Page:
Adrien Broner’s Business Gambles On The Streets

Adrien Broner defines his fan base and banks on their allegiance.

At the weigh-in for Manny Pacquiao vs. Adrien Broner, Broner looked hungry. He dominated the lighter boxing weight classes in 2011-2015, showcasing an athletic brilliance that fight fans thought would last.

However, after a couple of losses at higher weights, many began to lose confidence in his abilities.

As a result, Broner honed in on his true base, the streets.

Broner’s company, About Billions Promotions, gears its fight marketing towards the downtrodden, those forgotten by society. Coming from Cincinnati, Broner has been incarcerated many times.

In fact, incarceration almost put his boxing career in jeopardy. Broner has been more well-known for police engagement than boxing exploits. His relationship with rap artist Rick Ross is a testament to his fealty towards the outlaw community, or those that think like outlaws in relation to their societal invisibility.

However, many have been critical of Broner’s language usage and apparent lack of class in promoting his biggest fight to date. Has Broner been politically correct? Absolutely not, however, there has never been a media training threshold to be a successful pugilist.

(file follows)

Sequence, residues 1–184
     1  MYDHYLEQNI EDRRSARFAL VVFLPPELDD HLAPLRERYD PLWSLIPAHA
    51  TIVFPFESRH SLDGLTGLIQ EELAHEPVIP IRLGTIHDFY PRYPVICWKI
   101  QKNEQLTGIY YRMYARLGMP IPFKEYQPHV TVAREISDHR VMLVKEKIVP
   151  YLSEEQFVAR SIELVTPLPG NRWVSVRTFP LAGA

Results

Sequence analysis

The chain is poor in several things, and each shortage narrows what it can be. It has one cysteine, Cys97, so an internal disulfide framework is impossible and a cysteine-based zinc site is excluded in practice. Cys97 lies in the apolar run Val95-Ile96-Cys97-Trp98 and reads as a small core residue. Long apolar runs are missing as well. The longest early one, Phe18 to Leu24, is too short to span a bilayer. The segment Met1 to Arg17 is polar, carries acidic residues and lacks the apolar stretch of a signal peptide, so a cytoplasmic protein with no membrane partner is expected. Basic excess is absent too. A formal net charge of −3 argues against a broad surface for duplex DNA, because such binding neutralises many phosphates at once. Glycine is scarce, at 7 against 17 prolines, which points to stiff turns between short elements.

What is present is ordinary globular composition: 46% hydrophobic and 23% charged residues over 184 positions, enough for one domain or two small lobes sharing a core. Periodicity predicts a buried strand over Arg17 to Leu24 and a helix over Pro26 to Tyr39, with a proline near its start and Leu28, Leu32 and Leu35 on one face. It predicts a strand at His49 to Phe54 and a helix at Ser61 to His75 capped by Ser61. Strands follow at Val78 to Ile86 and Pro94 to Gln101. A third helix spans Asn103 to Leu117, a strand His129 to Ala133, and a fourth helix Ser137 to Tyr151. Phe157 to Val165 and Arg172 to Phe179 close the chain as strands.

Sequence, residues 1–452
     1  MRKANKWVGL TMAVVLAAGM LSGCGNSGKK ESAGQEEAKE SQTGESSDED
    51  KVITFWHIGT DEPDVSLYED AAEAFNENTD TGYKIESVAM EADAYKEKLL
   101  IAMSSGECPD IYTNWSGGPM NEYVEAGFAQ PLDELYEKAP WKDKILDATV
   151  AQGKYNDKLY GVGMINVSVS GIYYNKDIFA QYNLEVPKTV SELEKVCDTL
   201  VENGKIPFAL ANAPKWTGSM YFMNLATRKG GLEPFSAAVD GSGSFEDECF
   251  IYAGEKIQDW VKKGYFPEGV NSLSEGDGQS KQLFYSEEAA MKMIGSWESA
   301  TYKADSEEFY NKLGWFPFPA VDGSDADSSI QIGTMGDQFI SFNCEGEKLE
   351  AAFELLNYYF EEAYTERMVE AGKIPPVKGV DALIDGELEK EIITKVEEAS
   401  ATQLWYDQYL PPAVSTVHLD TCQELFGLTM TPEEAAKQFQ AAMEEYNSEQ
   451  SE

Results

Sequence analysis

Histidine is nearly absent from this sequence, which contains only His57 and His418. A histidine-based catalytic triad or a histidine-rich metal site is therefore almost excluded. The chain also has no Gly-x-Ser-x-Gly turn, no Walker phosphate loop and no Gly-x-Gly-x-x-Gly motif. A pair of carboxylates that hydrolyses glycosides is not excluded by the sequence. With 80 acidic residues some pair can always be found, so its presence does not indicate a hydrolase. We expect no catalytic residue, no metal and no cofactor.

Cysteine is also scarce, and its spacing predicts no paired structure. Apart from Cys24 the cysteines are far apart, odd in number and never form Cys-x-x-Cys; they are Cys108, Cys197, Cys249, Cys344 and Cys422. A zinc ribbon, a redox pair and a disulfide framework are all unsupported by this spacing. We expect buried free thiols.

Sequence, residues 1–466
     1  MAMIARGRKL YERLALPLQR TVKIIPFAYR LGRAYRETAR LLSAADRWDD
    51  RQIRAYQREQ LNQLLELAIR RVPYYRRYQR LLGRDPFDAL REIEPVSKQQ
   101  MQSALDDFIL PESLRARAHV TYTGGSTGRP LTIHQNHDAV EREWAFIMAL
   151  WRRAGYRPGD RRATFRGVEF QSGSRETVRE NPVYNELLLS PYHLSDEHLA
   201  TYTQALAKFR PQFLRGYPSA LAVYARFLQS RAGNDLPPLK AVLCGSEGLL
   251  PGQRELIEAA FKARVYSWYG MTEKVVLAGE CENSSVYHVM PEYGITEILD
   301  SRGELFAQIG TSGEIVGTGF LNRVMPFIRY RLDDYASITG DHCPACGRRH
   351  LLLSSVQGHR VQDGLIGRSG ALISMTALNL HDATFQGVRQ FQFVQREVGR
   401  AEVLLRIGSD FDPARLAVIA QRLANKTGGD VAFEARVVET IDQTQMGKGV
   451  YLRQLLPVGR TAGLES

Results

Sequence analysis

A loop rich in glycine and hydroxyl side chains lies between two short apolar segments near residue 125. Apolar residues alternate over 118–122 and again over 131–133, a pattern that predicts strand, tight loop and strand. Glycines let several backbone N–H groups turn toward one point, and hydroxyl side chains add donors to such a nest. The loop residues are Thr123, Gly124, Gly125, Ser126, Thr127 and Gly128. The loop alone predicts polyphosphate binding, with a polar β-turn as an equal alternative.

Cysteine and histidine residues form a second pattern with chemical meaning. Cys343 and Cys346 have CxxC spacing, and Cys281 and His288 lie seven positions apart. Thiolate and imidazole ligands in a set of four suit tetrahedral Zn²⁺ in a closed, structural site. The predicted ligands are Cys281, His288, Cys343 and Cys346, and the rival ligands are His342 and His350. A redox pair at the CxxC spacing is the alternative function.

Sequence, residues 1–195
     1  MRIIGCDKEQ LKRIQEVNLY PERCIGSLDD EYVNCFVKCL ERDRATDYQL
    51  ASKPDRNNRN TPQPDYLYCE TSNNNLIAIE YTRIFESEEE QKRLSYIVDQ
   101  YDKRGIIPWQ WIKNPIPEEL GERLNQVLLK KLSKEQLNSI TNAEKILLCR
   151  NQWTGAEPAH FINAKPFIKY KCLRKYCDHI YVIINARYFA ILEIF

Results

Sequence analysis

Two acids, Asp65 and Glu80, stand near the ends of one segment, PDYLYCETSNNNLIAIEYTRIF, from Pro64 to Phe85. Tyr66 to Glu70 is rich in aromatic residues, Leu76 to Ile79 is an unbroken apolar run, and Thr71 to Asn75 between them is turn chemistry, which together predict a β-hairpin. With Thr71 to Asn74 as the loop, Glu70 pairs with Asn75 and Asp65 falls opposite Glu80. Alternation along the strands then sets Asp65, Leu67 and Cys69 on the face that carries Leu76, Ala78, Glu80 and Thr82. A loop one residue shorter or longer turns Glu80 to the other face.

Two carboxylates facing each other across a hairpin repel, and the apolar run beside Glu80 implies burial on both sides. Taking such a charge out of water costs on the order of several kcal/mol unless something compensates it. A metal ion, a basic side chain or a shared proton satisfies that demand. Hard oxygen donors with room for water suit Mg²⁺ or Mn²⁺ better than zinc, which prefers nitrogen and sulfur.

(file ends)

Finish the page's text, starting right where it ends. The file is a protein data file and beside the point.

Being over-the-top is celebrated in the hurt business, and Broner has mastered that element.

Doing It For The H-O-O-D

Rick Ross made his millions championing Miami drug dealers like Richard “Convertible Burt” Simmons and Kenneth “Boobie” Williams. However real or unreal the personal life of William “Rick Ross” Roberts II is in criminality, he describes it as a cinematic bard over beats.

Broner’s alignment with the Maybach Music boss makes sense in the prism of his intentions. To step out of the shadow of his former mentor, Floyd Mayweather, Jr. and differentiate himself, Broner, like Ross, re-invented himself.


Always confrontational, Broner kicked it up a notch while talking harshly to legendary commentator Al Bernstein for perceived social media faux pas’.

Interviewed by Showtime reporter, Jim Gray minutes after the weigh-in, Broner started by asking, “where my street n*ggas at?”

Broner will be judged for his pay-per-view sales. Being his first PPV appearance, the strength of the card lies on Manny Pacquiao’s global appeal. Like his estranged mentor, Mayweather, there will be many that purchase hoping to see Broner lose.

However, as Broner defines who he is as a boxer-businessman, being the combat heel street representative will only be proven by his balance sheet.

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